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Unformatted text preview: A minor melody plays through these chapters as we see a glimpse of Julius Beaufort's fall from favor. His mysterious past was alluded to in various conversations and now Newland notices that he has aged considerably. Rumors about speculation, risky investments, and lack of caution surface. Still, he puts on a wonderful Archery Club Tournament each year; May received an expensive diamond- tipped arrow pin and "there was no denying that Beaufort did things handsomely." Interestingly enough, Beaufort is the only character that honestly comments on May's vague intellectual shortcomings and perhaps gives a glimpse of how others see her. Right on the heels of May's snobbish comments about the French tutor in England, Wharton continues during the Newport scenes to show that May is firmly in charge of Newland's life. She is her mother's daughter. No longer the quiet mouse, she arranges every minute of Newland's She is her mother's daughter....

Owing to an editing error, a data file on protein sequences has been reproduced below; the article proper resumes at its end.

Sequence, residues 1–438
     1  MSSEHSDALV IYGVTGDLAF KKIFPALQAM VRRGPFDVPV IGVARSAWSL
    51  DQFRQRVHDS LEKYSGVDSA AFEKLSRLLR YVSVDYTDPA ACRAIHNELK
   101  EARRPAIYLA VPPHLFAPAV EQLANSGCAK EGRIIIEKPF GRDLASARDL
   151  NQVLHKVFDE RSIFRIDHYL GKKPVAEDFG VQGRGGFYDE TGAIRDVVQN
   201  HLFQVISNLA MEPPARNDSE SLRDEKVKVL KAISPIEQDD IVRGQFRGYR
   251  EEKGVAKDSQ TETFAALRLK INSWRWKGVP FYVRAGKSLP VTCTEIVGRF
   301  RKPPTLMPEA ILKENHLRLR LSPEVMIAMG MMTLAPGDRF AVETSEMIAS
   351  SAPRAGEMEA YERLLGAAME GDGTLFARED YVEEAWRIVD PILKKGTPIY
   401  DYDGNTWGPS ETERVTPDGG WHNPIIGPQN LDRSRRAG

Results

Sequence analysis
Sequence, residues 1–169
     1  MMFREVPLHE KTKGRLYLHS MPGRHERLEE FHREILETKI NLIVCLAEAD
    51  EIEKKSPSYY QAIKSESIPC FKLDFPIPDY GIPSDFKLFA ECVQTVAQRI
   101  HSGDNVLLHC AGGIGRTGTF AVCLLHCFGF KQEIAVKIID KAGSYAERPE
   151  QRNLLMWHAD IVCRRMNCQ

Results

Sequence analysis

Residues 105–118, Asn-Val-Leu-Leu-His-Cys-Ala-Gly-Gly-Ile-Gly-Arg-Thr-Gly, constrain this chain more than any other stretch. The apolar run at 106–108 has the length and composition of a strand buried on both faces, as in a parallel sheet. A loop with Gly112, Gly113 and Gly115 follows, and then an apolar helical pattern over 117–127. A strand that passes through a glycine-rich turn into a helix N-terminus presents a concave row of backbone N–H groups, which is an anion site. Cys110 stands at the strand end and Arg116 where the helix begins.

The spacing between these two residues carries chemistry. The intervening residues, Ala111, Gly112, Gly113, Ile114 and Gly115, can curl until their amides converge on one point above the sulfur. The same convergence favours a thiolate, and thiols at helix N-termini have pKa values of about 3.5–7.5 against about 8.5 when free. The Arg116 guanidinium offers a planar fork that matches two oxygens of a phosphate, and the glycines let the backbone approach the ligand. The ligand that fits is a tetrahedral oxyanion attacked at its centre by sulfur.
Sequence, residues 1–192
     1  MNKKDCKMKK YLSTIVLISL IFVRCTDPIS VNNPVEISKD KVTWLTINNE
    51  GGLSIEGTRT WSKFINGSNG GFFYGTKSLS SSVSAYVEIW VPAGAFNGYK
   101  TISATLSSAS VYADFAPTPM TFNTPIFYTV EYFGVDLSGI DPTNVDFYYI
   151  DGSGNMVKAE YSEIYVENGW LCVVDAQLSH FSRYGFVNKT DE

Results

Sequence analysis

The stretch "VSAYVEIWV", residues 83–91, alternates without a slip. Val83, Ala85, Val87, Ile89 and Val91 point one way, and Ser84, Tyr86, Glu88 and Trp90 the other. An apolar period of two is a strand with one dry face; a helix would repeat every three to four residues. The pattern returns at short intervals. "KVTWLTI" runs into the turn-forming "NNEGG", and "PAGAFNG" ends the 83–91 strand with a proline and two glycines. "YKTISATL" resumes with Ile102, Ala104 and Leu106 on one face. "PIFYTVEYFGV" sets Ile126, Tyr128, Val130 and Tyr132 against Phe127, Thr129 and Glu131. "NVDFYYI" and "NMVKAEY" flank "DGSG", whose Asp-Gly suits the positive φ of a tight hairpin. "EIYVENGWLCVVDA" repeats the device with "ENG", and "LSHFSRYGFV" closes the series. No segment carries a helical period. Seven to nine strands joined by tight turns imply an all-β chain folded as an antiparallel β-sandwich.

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- Fall '08